Late Transcend
Reasoning at runtime

Transcend is a powerful tool and as a consequence it's computationally inefficient. Well, expressiveness has its cost. That's the reason why it's mostly suited only for a compile time where it shines unequivocally. Obviously, at this stage compiler lacks dynamic part - the data that is known for sure only during actual program execution. In other words, Early Transcend reasons over weak data - set of facts reflecting possible states and conditions the program could go through during execution. Before that, there is no way to be sure what exactly is going to happen, only set of possibilities is available. Nevertheless, in many cases it's not enough and that's why Late Transcend is introduced - reasoning and making decisions based on data available at runtime.

Late Transcend approach can be described as having three phases:

  • Input: at compile time Transcend working with weak data produces decisions for all possible alternatives. Generated set is used as an input for Late Transcend. As it's unknown which exactly decision turns out to be true, every decision has a guards - set of pairs (variable, value) that describe exact state for which it's possible to reach given decision.
  • Validation: A decision is considered to be valid only if all guards are met, i.e. variables from guard pairs actually have required values. In a sense Late Transcend decisions are deferred until correspondent preconditions proved to be true.
  • Execution: DIfferent guarded decisions may produce different code branches. All correspondent code branches are compiled and present in the code in order to be used when needed. At branching point guards are tested and appropriate branch is selected to be executed next.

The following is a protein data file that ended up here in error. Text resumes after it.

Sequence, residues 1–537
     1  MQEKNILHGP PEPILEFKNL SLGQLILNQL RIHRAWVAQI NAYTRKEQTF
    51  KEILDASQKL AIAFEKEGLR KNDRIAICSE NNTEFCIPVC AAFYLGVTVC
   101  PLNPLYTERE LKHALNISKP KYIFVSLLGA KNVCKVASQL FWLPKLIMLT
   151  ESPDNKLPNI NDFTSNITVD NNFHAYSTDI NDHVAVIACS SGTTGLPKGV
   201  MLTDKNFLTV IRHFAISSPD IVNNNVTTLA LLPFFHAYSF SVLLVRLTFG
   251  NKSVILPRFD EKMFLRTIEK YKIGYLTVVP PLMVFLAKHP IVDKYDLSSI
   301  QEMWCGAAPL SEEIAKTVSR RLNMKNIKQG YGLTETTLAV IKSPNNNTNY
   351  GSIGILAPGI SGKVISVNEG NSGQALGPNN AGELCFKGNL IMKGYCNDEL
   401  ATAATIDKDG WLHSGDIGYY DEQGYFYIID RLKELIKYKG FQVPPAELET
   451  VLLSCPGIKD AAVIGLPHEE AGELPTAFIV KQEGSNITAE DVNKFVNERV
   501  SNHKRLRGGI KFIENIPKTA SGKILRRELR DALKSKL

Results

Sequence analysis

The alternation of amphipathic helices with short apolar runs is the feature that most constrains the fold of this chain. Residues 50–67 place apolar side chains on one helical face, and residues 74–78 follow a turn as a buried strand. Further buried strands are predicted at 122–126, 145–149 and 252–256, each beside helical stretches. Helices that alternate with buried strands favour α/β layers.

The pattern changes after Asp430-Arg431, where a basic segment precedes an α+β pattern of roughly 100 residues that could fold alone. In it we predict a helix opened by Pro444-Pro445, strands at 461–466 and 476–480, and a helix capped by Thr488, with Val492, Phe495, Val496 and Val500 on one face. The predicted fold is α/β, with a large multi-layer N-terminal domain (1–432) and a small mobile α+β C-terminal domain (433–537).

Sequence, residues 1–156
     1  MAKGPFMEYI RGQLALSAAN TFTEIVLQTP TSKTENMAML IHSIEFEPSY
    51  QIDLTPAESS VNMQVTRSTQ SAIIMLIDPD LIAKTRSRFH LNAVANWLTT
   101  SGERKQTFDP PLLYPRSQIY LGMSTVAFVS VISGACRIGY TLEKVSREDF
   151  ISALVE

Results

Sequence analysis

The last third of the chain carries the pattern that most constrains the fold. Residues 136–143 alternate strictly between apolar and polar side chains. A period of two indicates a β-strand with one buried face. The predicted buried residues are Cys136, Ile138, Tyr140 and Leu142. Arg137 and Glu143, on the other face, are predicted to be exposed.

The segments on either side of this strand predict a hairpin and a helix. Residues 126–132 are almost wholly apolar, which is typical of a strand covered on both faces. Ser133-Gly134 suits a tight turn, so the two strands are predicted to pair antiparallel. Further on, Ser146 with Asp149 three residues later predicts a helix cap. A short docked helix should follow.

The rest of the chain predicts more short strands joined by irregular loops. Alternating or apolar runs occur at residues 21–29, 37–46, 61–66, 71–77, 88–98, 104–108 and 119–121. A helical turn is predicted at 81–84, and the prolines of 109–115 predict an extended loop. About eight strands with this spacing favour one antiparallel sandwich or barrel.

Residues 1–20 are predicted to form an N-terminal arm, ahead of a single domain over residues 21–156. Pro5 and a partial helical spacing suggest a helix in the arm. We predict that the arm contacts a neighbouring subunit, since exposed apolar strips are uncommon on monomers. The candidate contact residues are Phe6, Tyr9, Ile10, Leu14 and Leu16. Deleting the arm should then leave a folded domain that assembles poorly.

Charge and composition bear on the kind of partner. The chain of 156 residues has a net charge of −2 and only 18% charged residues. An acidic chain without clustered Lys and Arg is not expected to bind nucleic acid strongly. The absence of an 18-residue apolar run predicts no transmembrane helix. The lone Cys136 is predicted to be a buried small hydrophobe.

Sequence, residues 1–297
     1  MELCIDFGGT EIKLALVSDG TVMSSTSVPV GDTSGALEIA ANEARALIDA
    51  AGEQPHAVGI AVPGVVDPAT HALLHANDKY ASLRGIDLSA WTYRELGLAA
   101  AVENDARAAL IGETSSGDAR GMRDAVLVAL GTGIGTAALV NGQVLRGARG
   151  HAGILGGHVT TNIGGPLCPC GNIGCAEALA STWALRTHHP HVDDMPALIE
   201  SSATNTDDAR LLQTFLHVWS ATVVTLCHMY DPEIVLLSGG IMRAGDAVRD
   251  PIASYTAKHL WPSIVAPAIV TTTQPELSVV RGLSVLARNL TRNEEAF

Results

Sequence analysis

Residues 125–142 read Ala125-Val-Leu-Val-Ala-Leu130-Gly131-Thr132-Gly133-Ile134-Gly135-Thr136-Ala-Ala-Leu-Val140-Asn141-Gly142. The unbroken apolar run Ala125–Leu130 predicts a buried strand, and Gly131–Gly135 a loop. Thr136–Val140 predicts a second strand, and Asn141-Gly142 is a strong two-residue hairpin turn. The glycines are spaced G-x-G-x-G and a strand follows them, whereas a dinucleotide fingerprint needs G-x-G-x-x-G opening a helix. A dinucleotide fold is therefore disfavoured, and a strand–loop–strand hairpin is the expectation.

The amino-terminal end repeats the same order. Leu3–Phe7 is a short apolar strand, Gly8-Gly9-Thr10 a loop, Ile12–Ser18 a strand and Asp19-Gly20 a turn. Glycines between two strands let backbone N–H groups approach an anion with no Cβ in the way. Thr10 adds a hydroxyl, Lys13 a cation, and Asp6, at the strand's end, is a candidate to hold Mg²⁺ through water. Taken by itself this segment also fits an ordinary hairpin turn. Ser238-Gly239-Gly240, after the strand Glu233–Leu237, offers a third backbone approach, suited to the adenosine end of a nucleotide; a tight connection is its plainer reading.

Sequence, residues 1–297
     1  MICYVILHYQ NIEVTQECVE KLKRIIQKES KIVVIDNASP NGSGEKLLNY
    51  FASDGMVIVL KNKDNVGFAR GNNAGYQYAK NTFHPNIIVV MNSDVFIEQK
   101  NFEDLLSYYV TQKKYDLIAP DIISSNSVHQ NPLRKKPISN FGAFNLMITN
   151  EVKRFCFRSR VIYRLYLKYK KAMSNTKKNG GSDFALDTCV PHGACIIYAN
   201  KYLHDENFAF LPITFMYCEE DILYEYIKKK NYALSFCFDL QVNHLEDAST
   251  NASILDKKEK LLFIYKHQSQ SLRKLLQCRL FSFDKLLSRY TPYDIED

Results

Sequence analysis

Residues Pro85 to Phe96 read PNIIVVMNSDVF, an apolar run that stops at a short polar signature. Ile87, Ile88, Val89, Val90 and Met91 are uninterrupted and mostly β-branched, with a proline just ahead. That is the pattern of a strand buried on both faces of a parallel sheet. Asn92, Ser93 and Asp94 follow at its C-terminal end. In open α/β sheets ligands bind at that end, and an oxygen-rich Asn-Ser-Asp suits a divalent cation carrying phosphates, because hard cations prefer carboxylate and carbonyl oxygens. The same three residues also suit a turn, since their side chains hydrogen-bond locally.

Late Annotations and ASP Representation

Late annotations is a particular type of annotations that depend on parameters known only at runtime. Example:

tests/latetranscend.cpp: LateReasoning.Doc_SwitchLateOperation
mul(a, b)::float; arithmetic(ArithmX)

Suppose we have different specializations of mul function each implementing different multiplication precision and it controlled by using arithmetic(fast), arithmetic(accurate) and similar annotations. In this example arithmetic(ArithmX) is a late annotation, if ArithmX is a parameter known only during program execution.

Currently, late annotations do not differ syntactically from other annotations. Only if annotation is recognized to have late arguments it's marked internally as a late and special rules of conversion to ASP form apply.

Late annotation in ASP form is presented as follows:

SYNTAX: late(target, (guard-identifiers-list), (guard-values-list), body):- parameter-types-list.
  • target References entity for which late annotation is applicable
  • guard-identifiers-list List of guard identifiers
  • guard-values-list List of guard values
  • body Decision deemed valid if guards are met
  • parameter-types-list List of types of late parameters

Meaning that a fact body wrapped by modifier late() alongside with two lists: guards' identifiers and guards' values.

For an example above, arithmetic(ArithmX) translated into form below where exact references depend on a program:

late(s(0,-2,2), (s(1,-2,2)), (ArithmX), arithmetic(ArithmX)):- arithmetic(ArithmX).

This rule generates different facts for each possible x alternative. At runtime only those facts are selected whose guards are met, i.e. referenced variables actually have specified values.

Switch Late Operation

SYNTAX: switch late ( condition [-> alias ] [:: condition-type [; annotations-list] ] ) :: type [; annotations-list] switch-block
  • condition switch's condition
  • alias optional alias to denote condition's result within internal code block annotations. If there is no alias and condition is just one identifier it's accessible by its own name
  • condition-type Condition must have slave type

Switch Late operation allows to designate alias as a late parameter to use in late annotation. It can be conceptualised as lifting Brute value to Transcend level. During compilation it generates different switch-block branches for each possible condition value and only branch is executed whose guard correspond condition. Example:

tests/latetranscend.cpp: LateReasoning.Doc_SwitchLateOperation
ArithmeticT = type slave arithmetic.

test = function(a::float, b::float, ArithmX::ArithmeticT):: float; entry
    switch late (ArithmX)::   float
        mul(a, b)::float; arithmetic(ArithmX)

Compiler generates several branches for all possible arithmetic variants. Only one branch executed depending on arithmX.